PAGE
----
Postscript to Poison
“Do you think it’s a secret that you are slowly poisoning Mrs Lackland?”
When Dr Tom Faithful received the third anonymous letter, he knew it was time to call the police. His wealthy patient, Cornelia Lackland, was recovering steadily from a serious illness, diligently cared for by the doctor, family members and her household staff. But something is amiss in Minsterbridge. Mrs Lackland rules her house with an iron fist, keeping granddaughters Jenny and Carol as virtual prisoners and bullying her attendant Emily Bullen. Scornful and dismissive of everyone, she is planning to make one final change to her will. But before she can meet her solicitor Cornelia Lackland is dead, the apparent victim of a poisoner. Chief Inspector Dan Pardoe of Scotland Yard is called in to investigate an ever-growing list of suspects.
In Postscript to Poison, Bower introduces us to Chief Inspector Dan Pardoe of Scotland Yard and his colleague Sergeant Salt, who investigate the death of elderly Cornelia Lackland. The haughty and malicious widow of a wealthy man, she had made the lives of his granddaughters miserable. Before her death, the town doctor had received anonymous letters accusing him of poisoning her. But as Pardoe and Salt investigate, they find motives for murder much broader than first anticipated. This is a town where everybody’s business is known by everyone else. Pardoe is a satisfying and likeable creation, described by Milward Kennedy, crime writer and Sunday Times reviewer, as having ‘humanity and common sense as impressive as his intelligence’.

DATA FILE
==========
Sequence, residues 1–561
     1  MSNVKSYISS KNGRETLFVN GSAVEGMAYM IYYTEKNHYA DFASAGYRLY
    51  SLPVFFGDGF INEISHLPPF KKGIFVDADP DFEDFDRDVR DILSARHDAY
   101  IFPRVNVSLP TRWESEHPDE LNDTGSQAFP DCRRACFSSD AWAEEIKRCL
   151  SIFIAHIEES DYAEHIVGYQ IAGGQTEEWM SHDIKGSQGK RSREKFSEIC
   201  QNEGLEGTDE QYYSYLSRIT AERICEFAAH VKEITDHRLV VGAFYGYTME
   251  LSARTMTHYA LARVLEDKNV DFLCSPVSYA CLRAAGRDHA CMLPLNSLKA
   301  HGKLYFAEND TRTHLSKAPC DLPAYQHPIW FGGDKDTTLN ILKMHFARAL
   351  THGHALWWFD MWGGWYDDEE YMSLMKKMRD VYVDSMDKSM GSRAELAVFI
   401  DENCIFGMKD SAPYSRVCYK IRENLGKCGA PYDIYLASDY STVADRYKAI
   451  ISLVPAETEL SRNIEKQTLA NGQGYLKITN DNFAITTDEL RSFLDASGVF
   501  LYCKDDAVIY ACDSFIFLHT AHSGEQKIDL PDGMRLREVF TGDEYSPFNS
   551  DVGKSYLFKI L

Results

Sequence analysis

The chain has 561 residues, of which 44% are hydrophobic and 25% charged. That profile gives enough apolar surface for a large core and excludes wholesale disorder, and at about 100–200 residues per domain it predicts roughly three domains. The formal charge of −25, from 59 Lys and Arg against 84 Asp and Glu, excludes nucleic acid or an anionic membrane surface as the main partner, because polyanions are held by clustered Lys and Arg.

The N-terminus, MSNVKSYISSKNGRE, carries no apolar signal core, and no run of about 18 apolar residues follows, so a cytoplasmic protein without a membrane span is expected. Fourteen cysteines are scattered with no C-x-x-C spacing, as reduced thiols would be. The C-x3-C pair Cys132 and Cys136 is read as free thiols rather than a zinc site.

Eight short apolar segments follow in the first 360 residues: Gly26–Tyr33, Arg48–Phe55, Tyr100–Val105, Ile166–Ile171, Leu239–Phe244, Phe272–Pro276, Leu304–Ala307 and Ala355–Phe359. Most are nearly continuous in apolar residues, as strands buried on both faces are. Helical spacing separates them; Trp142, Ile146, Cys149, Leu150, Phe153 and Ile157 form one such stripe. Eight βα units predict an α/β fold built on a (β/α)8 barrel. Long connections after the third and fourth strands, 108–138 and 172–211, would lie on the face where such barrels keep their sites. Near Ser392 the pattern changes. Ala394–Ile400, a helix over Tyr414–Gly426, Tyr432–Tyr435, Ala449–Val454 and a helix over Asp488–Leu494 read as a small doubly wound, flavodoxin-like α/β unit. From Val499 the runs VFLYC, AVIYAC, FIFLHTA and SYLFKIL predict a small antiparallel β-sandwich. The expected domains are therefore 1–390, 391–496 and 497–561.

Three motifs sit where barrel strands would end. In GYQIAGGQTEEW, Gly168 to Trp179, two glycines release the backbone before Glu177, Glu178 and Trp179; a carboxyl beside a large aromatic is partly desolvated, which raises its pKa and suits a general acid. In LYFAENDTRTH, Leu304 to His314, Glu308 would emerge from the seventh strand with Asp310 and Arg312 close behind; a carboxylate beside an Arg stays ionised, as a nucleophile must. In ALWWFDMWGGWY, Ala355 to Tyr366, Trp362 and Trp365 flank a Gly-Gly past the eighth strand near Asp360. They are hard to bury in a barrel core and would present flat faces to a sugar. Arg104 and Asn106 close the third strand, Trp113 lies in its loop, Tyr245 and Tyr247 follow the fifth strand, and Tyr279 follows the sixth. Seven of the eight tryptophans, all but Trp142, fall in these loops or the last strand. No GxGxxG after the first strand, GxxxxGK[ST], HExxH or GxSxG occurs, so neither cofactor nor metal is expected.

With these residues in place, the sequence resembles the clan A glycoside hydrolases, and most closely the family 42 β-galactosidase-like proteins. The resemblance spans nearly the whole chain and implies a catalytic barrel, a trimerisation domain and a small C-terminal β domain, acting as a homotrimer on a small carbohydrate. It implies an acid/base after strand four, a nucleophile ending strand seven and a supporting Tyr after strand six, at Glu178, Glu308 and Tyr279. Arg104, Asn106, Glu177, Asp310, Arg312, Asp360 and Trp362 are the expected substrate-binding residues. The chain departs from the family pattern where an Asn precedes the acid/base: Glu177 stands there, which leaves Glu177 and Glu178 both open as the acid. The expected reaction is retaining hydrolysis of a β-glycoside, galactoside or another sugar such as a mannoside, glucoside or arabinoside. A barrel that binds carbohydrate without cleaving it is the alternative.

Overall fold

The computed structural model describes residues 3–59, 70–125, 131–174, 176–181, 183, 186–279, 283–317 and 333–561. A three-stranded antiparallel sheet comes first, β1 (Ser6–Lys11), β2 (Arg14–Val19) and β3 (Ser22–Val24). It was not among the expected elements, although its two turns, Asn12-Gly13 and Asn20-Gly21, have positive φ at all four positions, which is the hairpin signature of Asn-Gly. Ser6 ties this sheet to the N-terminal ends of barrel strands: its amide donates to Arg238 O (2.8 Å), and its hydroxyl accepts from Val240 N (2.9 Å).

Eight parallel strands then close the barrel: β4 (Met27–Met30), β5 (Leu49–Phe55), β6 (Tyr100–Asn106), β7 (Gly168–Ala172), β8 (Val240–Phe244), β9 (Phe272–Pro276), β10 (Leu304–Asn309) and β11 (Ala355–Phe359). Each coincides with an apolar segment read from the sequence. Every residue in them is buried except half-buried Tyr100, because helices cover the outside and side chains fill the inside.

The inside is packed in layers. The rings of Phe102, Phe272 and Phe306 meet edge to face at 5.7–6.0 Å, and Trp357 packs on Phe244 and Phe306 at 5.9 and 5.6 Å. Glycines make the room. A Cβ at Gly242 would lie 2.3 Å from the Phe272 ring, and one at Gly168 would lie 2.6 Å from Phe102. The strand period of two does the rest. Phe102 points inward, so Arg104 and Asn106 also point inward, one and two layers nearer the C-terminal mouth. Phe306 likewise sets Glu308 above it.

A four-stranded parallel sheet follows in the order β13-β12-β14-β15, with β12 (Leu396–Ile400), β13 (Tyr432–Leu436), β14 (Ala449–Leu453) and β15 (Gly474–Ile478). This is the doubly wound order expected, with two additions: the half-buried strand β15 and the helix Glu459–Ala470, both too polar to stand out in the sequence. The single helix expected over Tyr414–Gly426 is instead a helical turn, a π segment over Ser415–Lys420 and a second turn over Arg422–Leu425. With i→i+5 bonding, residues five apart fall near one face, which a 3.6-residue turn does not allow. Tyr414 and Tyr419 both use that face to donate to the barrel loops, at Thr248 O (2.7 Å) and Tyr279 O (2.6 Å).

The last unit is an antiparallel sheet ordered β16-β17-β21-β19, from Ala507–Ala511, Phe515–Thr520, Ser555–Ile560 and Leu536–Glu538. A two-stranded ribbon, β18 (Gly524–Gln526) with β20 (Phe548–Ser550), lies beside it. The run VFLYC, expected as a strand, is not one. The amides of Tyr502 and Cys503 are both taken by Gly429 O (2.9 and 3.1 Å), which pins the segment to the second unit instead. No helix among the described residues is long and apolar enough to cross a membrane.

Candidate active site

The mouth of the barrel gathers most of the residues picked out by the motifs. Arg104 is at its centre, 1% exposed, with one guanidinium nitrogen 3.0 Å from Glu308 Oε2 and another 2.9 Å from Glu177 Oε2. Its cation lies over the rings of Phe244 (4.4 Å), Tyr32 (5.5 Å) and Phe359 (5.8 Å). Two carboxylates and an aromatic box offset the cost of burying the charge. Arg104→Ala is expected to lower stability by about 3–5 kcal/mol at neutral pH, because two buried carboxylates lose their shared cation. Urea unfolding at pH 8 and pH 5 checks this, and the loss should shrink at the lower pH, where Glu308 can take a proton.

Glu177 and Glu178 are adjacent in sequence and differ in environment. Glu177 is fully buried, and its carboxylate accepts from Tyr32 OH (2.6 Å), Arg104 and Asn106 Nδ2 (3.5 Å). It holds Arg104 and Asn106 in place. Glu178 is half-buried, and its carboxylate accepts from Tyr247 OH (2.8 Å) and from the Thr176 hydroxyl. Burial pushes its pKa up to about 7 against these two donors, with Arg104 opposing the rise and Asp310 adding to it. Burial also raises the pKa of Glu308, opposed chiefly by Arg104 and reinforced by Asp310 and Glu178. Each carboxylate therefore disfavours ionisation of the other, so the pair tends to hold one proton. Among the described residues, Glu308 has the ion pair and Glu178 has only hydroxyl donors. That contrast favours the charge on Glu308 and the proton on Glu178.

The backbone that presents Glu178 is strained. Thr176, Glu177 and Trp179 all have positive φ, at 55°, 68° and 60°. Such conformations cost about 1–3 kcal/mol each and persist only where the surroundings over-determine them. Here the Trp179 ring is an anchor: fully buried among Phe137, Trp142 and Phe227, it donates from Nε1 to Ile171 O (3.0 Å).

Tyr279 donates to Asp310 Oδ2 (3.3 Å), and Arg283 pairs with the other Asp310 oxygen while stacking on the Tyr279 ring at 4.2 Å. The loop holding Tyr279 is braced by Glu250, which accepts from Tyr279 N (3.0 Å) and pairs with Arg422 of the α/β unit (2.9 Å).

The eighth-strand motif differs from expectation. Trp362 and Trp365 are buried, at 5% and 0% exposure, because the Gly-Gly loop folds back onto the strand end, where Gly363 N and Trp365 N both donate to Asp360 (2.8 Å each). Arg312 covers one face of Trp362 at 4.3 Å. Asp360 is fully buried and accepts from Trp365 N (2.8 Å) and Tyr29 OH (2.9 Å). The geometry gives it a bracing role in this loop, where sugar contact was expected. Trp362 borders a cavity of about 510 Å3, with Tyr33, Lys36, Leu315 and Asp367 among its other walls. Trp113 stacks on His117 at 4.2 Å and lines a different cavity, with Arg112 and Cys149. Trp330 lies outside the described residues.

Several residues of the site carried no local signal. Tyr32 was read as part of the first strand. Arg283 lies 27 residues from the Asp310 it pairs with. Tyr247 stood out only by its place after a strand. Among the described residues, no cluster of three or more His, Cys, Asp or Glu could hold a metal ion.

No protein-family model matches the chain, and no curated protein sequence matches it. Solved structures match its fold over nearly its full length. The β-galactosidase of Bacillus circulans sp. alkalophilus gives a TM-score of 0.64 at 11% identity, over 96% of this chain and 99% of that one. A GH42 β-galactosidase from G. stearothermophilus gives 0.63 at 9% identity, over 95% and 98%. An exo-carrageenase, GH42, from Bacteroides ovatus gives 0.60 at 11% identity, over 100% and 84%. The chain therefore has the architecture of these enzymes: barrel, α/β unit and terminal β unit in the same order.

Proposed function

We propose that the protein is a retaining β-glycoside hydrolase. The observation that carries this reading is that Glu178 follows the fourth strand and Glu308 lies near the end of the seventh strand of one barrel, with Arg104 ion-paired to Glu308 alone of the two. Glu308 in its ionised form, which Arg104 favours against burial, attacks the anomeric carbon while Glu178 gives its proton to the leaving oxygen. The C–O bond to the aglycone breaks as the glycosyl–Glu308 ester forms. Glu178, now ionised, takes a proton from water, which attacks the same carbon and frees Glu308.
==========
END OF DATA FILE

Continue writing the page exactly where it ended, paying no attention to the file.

Postscript to Poison was Dorothy Bower’s first novel, originally published in 1938. It delighted reviewers. Critic Maurice Richardson of The Observer wrote, ‘Miss Bowers is new this term. Let me be the first member of the staff to extend her a hearty welcome. She has been coached in our traditions, and is likely to settle down quickly. Postscript to Poison is a thoroughly satisfying piece of family narcotising-… A double bluff by Miss Bowers effectively conceals who did it. This pupil has little to learn and should go far.’
Bowers was an advocate of the ‘fair play’ school of detective novels, and displayed great ingenuity in piecing together the necessary elements of a baffling mystery, with clues shared freely with the reader. When Inspector Pardoe indicates he knows who the murderer is, the reader knows virtually everything he does. Bower’s skill in obscuring her characters motives allows her to hide the identity of the murderer until exactly the right moment. However, what raises Bowers above contemporary fair play plodders is the perceptive description of her characters, no matter how small, and a keen eye for place unusual in a genre dominated by plot.
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